The Generative Pre-trained Transformer 3 (GPT-3), an AI language processing tool that can interpret and translate text, is pretty amazing.
It’s so amazing that thinking about how it performed on an experiment to see if artificial intelligence could pass a college-level writing assessment helped me better articulate something I’ve known, but haven’t precisely expressed, about how we teach, assign, and most importantly, assess writing.
The GPT-3 has all kinds of practical applications, including translation, rapid data processing from text commands, and all kinds of other things that are illustrated in this short demo.
Kind of like how IBM sought to demonstrate the power of its supercomputing applications by creating Deep Blue to play chess, one of the interesting challenges for GPT-3 is to see if it can successfully “write” in ways that pass for human.
It can. GPT-3 does quite well at producing writing that passes for human-generated. The AI processes and arranges natural language with far more felicity than any previous applications.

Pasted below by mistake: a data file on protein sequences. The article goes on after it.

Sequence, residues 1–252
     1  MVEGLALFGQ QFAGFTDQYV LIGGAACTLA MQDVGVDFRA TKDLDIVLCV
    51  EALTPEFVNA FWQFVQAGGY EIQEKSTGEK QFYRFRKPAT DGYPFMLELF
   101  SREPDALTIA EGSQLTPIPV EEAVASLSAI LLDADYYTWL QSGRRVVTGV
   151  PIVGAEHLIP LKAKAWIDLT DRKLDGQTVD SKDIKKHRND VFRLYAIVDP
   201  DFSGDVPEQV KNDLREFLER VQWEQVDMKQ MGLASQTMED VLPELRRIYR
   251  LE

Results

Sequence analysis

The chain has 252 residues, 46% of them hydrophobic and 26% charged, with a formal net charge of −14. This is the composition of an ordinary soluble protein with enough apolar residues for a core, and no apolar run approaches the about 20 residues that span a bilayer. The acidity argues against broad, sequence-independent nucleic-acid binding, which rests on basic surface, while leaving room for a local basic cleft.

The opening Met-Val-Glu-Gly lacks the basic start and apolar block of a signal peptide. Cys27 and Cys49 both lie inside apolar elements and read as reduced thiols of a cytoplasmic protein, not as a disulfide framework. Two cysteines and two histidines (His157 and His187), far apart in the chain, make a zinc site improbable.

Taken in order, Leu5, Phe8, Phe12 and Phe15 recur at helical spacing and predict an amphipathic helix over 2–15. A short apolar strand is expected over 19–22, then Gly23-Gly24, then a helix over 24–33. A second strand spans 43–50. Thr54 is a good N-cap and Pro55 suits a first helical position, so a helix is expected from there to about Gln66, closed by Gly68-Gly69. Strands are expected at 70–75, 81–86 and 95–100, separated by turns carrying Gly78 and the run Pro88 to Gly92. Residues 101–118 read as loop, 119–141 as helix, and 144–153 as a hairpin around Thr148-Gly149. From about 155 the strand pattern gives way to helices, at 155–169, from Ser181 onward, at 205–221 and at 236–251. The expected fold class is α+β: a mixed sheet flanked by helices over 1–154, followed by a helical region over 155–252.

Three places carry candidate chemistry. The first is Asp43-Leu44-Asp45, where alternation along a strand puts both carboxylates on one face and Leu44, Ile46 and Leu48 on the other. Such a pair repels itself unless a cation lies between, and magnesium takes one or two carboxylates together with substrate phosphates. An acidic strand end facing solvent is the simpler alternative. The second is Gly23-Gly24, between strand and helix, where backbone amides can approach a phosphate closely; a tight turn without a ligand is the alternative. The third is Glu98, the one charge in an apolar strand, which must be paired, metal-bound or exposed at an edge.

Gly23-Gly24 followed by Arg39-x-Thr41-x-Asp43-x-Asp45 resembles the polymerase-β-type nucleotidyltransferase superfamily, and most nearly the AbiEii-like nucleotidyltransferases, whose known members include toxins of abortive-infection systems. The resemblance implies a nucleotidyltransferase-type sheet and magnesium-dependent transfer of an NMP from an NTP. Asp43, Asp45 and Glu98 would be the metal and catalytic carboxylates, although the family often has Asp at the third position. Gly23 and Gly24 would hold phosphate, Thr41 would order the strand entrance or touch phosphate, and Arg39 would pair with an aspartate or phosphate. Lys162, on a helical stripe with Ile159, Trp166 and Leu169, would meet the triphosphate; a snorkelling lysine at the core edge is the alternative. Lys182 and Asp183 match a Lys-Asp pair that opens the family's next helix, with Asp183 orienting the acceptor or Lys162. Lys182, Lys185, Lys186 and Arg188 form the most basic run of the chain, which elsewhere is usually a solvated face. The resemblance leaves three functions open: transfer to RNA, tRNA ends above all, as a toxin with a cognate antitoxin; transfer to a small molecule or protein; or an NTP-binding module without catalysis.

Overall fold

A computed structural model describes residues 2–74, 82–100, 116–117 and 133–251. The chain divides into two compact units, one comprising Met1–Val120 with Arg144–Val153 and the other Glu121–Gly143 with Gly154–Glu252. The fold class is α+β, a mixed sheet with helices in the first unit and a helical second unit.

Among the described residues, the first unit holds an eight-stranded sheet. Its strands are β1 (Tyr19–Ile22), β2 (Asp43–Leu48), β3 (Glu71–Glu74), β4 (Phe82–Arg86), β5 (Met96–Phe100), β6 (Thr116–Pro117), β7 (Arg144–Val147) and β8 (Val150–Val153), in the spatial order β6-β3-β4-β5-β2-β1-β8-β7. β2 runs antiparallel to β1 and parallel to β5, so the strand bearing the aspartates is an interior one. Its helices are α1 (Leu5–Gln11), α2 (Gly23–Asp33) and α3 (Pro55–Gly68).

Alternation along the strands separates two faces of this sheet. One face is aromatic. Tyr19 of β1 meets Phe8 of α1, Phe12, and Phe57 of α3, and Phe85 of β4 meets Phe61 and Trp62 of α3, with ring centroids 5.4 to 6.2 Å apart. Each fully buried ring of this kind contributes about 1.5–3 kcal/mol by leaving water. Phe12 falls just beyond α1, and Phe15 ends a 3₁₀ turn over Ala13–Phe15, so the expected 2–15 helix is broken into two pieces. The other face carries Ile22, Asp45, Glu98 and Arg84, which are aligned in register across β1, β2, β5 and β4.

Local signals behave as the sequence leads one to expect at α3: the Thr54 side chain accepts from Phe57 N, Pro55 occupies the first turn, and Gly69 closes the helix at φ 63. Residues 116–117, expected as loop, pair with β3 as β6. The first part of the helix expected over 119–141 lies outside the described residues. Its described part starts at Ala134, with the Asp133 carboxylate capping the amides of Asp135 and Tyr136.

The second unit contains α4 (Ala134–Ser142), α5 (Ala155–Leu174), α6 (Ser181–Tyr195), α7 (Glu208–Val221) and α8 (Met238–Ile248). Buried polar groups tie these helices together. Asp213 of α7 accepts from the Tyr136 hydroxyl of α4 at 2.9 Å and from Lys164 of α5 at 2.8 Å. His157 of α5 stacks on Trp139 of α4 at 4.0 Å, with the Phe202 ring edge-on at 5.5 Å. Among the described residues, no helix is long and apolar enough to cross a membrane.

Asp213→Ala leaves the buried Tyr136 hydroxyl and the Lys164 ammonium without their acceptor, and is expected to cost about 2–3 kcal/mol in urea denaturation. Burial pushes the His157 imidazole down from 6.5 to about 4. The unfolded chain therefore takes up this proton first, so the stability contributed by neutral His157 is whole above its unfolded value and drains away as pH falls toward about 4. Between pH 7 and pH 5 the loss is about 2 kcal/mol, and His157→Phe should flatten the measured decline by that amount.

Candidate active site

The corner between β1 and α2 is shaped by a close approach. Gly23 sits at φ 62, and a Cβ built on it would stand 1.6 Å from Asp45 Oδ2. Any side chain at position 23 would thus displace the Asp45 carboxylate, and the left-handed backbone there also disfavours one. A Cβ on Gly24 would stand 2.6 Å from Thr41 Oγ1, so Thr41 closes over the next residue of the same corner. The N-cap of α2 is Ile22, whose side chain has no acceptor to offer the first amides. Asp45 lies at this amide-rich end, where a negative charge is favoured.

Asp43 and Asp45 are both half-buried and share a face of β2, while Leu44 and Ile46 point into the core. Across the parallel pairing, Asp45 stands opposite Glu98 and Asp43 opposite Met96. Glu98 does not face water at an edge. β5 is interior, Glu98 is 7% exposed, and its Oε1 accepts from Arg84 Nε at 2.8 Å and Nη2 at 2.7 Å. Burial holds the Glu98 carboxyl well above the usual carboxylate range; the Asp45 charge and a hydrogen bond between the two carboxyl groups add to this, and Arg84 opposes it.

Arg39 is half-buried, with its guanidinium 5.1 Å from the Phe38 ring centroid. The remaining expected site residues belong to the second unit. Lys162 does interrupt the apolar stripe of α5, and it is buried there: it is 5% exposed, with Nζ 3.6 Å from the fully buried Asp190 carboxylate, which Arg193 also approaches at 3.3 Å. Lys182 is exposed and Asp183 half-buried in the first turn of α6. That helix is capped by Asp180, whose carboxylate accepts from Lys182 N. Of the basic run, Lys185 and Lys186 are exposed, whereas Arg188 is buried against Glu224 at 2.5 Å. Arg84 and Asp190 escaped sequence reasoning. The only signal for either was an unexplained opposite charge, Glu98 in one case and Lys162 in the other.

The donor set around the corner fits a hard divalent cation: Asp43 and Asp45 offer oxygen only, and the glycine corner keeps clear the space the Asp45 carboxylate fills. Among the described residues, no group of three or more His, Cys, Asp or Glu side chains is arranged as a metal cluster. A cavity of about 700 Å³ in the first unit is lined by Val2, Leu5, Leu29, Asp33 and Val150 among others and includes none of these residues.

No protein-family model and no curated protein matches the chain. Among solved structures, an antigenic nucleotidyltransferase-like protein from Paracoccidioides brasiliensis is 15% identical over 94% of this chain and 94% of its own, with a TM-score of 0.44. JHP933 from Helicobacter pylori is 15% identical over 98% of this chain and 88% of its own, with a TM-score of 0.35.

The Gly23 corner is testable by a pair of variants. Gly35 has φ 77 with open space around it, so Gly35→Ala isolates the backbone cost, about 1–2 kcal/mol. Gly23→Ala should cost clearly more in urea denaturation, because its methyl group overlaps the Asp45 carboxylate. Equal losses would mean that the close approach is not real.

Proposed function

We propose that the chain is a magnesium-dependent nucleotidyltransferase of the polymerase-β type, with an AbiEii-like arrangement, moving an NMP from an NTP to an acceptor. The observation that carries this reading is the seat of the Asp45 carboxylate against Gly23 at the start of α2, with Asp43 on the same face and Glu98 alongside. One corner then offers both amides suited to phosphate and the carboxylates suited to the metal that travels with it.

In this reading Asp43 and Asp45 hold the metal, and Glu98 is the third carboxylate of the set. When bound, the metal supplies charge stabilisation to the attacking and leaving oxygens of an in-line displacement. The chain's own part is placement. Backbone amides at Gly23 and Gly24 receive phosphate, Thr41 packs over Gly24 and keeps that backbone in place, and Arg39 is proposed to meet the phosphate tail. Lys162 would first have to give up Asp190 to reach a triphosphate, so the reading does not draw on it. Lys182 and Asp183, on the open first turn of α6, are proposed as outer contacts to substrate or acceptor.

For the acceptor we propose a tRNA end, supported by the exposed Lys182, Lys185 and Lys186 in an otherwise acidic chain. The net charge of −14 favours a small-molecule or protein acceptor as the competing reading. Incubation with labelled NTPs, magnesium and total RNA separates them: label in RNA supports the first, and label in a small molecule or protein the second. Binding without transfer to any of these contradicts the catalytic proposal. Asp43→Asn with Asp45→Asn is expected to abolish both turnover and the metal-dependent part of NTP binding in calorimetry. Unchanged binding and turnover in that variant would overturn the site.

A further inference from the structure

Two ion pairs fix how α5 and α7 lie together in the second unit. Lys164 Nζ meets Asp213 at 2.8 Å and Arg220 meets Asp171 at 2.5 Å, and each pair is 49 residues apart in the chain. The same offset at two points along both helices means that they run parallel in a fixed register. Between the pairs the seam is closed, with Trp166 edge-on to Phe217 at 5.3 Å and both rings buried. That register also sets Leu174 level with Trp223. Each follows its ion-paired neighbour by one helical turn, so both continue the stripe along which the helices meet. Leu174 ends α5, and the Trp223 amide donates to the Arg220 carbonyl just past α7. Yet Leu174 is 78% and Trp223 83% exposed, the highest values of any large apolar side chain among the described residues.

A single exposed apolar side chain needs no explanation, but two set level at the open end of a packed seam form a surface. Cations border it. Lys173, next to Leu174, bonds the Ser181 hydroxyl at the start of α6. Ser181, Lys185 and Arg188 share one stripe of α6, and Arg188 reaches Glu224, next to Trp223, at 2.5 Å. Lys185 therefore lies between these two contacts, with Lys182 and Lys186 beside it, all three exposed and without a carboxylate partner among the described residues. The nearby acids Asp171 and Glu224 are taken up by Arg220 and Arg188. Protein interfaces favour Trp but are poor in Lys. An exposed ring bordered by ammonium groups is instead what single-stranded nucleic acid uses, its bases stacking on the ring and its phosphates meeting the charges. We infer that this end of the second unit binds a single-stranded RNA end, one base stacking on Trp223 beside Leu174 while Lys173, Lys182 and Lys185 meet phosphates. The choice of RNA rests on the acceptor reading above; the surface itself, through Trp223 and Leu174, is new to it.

The folks at EduRef.net took the challenge a step further, to see what kind of grades GPT-3 could get on college assignments designed by professors and graded by a panel where GPT-3’s work is anonymously mixed among efforts by human writers.
For three of the four subjects – research methods, U.S. history, and law – the AI passed with a C or better grade. The top human scored better than the AI in each category, but in two categories (research methods, law), the AI beat one or more of the humans.
For the fourth subject – creative writing – the AI tanked, earning an F.
Where the GPT-3 does well, and where it does poorly point the way towards a better understanding of the kinds of written assessments we should want students to do, and how we should assess those assignments once they’re written. A good rule of thumb is that if the AI is competitive with the humans, we’re probably doing something wrong.
A good writing assessment should work in two dimensions:
1. It should allow the author to demonstrate existing knowledge.
2. The writing itself should lead to the creation of additional new knowledge made possible only through the work of a unique intelligence (a person).